NASA is harnessing the power of the U.S. Navy’s Kraken, a device designed to help simulate flight and help pilots overcome motion sickness. The Kraken initially debuted in 2017 and was created by the Navy to help pilots get more accustomed to the motions and movements they will experience in the air. Now, NASA plans to use the Kraken to prepare astronauts for space travel.
The Kraken will allow astronauts to enter the machine and then experience similar movements to what they would in a real spaceflight launch. The goal here is to help ease the disorientation that spaceflight can cause and also prepare astronauts to deal with motion sickness better. This is vital, as motion sickness can cause pilots to feel as if the ship is doing something it shouldn’t, causing them to make a mistake that could end in injury or death.
Space flight has never been the safest endeavor, and humanity has certainly seen some tragedies striking throughout the history of our planet’s space programs. However, the use of the Kraken by NASA teams will hopefully help cut down on the possibility of any issues being caused by the astronauts themselves, minimizing the chance for human error as much as possible.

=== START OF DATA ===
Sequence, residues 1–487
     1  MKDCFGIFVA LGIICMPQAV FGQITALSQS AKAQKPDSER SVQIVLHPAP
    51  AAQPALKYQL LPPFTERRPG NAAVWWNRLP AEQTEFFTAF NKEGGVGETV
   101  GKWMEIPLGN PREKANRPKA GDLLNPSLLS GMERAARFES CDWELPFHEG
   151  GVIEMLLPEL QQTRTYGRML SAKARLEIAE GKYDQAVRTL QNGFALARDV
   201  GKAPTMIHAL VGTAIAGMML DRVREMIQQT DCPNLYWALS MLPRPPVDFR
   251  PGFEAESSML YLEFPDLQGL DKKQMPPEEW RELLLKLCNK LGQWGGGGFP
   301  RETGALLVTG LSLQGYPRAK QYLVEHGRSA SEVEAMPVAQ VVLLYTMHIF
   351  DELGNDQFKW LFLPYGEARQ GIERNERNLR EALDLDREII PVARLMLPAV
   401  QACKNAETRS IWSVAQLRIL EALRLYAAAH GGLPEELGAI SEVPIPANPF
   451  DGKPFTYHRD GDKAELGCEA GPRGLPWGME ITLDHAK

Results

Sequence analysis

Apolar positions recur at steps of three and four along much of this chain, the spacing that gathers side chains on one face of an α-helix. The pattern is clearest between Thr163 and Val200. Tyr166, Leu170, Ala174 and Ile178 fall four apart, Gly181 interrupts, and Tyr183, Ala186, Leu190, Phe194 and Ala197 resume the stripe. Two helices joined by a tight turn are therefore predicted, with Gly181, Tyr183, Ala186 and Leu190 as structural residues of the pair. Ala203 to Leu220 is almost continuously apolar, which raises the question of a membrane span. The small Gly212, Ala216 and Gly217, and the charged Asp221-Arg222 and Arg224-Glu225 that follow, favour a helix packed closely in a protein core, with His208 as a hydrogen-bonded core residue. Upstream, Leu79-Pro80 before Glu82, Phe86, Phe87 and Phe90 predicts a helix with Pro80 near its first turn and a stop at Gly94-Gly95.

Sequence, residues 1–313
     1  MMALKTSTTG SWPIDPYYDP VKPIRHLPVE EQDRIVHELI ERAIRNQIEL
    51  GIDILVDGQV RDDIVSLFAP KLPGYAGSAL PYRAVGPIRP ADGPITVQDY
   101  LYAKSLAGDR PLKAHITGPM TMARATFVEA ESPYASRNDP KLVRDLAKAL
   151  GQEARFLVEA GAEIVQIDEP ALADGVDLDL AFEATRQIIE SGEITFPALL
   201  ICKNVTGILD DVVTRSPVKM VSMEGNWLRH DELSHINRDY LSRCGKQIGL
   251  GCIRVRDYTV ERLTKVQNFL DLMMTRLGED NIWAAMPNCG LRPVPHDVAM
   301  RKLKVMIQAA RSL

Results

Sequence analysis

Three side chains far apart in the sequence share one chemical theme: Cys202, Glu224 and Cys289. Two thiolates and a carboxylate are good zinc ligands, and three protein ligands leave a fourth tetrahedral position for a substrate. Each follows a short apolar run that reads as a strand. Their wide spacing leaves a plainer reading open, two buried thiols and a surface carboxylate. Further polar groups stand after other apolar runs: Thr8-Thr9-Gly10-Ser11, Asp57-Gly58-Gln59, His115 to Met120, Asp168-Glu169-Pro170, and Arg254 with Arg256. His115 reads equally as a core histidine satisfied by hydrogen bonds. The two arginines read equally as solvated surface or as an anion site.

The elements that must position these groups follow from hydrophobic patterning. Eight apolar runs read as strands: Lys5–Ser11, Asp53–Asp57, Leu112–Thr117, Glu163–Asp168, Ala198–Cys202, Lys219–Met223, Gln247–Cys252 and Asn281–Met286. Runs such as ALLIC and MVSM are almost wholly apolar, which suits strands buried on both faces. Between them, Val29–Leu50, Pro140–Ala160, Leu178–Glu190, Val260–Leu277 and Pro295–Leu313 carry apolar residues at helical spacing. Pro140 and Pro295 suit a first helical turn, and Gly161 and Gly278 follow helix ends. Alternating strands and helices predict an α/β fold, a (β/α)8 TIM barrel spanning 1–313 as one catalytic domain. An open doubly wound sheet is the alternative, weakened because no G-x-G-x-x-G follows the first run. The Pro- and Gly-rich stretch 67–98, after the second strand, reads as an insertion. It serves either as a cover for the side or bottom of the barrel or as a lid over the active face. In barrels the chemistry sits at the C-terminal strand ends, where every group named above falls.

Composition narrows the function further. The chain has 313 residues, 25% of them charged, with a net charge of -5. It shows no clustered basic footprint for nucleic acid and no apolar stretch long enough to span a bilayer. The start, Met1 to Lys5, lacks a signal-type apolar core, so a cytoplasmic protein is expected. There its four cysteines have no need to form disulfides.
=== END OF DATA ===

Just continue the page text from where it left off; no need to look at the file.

A big part of the goal here is to prepare astronauts for that initial confusion following a launch. Douglas Wheelock, a NASA astronaut, says that the first few moments after launch were full of confusion as his body tried to figure out which way was up, down, left, and right. With the Kraken, NASA can hopefully help mitigate that confusion by training astronauts’ bodies to be ready for it.
The Kraken is a 50-foot-long, 100-ton platform at Wright-Patterson Air Force Base near Dayton, Ohio. The system is exceptionally customizable, allowing it to be configured to replicate different types of flights. A spaceflight setting on the Kraken will be used by NASA astronauts to test their capabilities and prepare them for actual spaceflight.
A video on the Kraken can be seen above, which helps explain why the U.S. Navy built the machine in the first place. It’s a monster of a machine, and its use in space programs going forward will hopefully be a great step towards making space travel safer for the astronauts undertaking those missions, like the Artemis III mission expected to put humans back on the Moon.